Divorce is never easy. And yours is complicated by financial issues, unemployment and starting over late in life.
But don't worry. You can do a few things right now that will help.
First, find an attorney who has experience with divorces. Then, look for a financial planner who can help you understand the financial aspects of your divorce. A financial planner can help you get a fair division of assets and liabilities, explain the long-term effects of a divorce settlement and organize your budget.
When searching for a financial planner, pick one with a Certified Divorce Financial Analyst, or CDFA, designation. Planners with a CDFA designation receive specialized training to help people who are going through a divorce.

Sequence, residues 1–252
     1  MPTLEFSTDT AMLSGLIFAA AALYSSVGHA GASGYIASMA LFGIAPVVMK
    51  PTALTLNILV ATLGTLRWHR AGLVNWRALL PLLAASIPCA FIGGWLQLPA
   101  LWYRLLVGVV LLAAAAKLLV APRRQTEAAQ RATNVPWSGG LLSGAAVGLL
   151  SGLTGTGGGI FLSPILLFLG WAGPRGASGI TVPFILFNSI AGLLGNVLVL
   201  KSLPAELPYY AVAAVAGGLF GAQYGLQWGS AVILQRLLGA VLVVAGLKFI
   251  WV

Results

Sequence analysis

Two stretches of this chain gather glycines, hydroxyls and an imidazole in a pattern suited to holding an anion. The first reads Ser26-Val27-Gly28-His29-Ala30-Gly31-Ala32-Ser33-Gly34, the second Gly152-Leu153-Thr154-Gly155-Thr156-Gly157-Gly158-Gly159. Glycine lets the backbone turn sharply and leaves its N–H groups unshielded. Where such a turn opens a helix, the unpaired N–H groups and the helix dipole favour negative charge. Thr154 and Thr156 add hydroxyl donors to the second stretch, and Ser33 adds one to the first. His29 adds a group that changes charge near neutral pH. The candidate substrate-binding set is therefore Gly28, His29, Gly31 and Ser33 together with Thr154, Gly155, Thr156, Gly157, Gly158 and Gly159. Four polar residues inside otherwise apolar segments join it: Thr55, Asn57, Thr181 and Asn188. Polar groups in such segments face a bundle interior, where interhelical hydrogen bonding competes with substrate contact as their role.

From a credit standpoint, I recommend you close any joint credit card accounts to prevent any additional charges. Tell your husband before you do this -- that's only fair -- and then act quickly. Then, I would encourage you to make it a condition of the divorce that the balances on those accounts be divided equitably between the two of you and transferred to individual accounts in each of your names. By doing so, you will protect your credit if your husband stops paying his share of the debt. He'd be ruining his credit by not paying, not yours.
It also wouldn't hurt to visit with a reputable, nonprofit credit counseling agency, especially if you will be carrying a sizable debt with limited ability to make your payments. You can find a list of reputable credit counseling agencies at the National Foundation for Credit Counseling or the Association of Independent Consumer Credit Counseling Agencies. A certified counselor will review your financial situation and help you determine how best to handle that unsecured debt.
Make these moves, and you'll gain more control over your financial future.